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Opinion: voice control’s dominance has only just begun

Menno Koopmans of Universal Electronics looks at the progress of voice control.

Television watchers used to demand remote controls that had a button for every feature on their television, from simply changing the channel to adjusting the screen display format. Nowadays, they aren’t demanding buttons at all, and instead they’re looking to control their TVs via the sound of their own voice.

Although perceived as a relatively new concept within the tech industry, voice control has actually been around for a few decades now. The automobile and telecoms industries in particular have a history of experimenting with it in various forms over the years, but this has mostly been limited to within a B2B environment. The technology over the years simply hasn’t been advanced enough to match the high standards of the consumer, and so the overall impression of voice control was one of confusion rather than convenience.

Thankfully, voice control has come on leaps and bounds since then, and we’re now at a stage where the quality and accuracy of voice control has improved to such a degree that manufacturers are finally starting to realise the benefits that the technology holds for both themselves and their consumers.

The sheer importance of voice control should not be underestimated: it is the most intuitive technology we’ve ever seen for remote control. The need for remembering all manner of channel numbers and button combinations is no longer necessary, and instead users can simply ask for the channel they want or the desired volume level as if they’re chatting to an old friend. It’s simple, effective and rapidly increasing in popularity, with major TV brands starting to place voice control at the very heart of their user interfaces.

Beyond the TV

However, most critically for manufacturers in the B2B space, the technology also opens up a whole world of residential opportunities beyond the realm of the television. There’s no doubt that voice control is the next big step forward in home automation, and so it will be playing a major role in the evolution of the Internet of Things (IoT). Whether a consumer wants to turn down their heating or turn on the coffee machine, it’ll be voice control that’s used to control all of these different connected devices at once, and that will inevitably result in a rise of remote control usage.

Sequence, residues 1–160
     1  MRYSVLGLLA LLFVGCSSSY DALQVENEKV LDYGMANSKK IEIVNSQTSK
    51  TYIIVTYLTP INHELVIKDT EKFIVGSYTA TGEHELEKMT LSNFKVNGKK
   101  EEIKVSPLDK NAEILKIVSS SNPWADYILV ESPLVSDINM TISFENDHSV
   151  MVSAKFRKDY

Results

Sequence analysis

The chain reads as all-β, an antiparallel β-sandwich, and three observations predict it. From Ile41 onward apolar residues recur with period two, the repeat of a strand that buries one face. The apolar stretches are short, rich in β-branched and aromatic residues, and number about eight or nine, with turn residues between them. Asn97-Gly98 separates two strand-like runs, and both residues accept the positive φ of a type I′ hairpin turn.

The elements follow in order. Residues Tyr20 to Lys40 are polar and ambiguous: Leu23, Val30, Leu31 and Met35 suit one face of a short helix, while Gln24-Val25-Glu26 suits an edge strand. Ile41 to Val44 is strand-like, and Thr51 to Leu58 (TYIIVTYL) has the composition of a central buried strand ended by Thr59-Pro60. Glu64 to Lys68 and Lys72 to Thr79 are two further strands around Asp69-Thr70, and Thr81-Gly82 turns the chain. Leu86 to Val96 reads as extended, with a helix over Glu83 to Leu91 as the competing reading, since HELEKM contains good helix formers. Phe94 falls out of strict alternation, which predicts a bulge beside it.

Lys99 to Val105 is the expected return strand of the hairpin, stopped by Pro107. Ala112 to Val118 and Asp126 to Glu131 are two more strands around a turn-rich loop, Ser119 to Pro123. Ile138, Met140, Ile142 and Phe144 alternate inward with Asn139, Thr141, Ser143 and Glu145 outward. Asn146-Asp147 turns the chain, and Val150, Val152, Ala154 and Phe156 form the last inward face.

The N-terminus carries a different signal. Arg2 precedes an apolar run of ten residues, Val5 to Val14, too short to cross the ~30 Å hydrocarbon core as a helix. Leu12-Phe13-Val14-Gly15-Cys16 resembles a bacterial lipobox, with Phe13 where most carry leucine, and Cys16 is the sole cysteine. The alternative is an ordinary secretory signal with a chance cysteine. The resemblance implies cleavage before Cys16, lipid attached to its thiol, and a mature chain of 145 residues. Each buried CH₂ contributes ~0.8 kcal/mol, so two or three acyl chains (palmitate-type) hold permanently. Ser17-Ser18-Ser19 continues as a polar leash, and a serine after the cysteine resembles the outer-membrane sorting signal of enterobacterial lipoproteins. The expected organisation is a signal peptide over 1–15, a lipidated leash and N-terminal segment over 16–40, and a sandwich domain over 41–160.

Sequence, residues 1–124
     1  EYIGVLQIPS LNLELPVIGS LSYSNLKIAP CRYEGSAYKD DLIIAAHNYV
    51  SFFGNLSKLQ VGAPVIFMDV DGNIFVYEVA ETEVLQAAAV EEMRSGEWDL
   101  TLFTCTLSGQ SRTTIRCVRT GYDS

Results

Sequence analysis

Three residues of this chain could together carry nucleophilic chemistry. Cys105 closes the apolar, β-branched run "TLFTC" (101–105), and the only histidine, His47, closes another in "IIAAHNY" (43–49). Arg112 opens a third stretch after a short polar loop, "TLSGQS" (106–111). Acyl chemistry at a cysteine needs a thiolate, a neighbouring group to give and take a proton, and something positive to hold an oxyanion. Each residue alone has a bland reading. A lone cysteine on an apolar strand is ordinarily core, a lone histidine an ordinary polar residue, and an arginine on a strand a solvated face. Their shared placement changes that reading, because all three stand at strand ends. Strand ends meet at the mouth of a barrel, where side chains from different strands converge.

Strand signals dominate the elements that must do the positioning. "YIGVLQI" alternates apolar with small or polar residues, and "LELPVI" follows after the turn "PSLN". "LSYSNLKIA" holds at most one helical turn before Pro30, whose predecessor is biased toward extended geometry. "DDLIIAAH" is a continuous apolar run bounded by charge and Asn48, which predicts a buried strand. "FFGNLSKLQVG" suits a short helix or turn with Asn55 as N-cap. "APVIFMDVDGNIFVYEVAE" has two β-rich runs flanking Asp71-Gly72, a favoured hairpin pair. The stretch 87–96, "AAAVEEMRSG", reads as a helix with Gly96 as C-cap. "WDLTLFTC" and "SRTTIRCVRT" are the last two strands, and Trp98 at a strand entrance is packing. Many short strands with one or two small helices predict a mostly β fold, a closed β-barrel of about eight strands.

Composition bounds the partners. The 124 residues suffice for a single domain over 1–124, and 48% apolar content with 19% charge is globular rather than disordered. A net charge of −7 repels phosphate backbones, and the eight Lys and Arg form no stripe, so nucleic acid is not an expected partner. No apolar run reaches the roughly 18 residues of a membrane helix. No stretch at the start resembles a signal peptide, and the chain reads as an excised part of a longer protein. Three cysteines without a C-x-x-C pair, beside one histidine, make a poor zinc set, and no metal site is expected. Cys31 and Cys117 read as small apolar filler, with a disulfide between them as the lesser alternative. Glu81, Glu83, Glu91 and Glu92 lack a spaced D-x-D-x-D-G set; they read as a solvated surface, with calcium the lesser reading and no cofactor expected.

However, the process of incorporating voice control into a business’s product offering isn’t without its challenges. Despite the very advanced level that voice control has now reached, there’s still a considerable number of sceptics, many of whom will be deterred from the technology after bad user experiences in the past. For this reason, it’s crucial that businesses do their best to educate their customers around the evolution of voice control and reassure them of its simplicity. As with any new technology, it’s also important not to assume all users have sufficient knowledge to use voice control properly. There needs to be clear education and instruction around how to use the technology, as well as the tasks and functions that it’s capable of.

The living room can be a challenging place acoustically, with multiple people sitting around the room and noise coming from all angles, and so the microphone needs to be able to clearly capture the voice of whoever is in charge of the remote. This will often require sophisticated audio processing and very precise placement of the in-built microphone.

Voice control’s evolution into a sophisticated, multi-channel command system brings huge potential for businesses, but with competition coming from all angles, it will also force manufacturers to think creatively about how they incorporate it into future products in order to stand out.

Menno Koopmans is senior VP subscription broadcasting, Universal Electronics.